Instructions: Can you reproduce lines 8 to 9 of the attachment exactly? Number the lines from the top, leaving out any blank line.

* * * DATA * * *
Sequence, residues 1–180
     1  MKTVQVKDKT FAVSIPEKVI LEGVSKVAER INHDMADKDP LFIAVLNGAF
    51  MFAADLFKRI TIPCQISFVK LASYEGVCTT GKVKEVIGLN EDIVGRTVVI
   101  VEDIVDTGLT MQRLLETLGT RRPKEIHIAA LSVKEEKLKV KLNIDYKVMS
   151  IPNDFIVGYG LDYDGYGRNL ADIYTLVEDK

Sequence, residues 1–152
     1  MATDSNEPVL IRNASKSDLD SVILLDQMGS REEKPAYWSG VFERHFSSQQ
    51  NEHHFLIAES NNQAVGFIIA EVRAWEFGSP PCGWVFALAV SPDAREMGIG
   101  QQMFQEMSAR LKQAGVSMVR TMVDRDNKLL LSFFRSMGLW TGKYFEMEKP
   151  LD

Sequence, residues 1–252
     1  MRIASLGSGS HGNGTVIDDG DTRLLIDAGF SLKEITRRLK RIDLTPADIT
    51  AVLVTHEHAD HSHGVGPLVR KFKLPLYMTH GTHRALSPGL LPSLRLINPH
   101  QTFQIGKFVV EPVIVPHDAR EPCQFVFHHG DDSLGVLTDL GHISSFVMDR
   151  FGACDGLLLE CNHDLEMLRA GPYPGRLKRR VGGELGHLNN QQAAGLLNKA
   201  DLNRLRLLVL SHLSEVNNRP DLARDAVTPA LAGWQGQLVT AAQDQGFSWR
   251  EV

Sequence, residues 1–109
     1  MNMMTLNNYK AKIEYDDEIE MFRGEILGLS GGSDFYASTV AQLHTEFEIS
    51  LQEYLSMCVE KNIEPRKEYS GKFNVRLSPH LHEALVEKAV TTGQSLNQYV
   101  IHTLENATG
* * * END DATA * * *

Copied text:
    51  NEHHFLIAES NNQAVGFIIA EVRAWEFGSP PCGWVFALAV SPDAREMGIG
   101  QQMFQEMSAR LKQAGVSMVR TMVDRDNKLL LSFFRSMGLW TGKYFEMEKP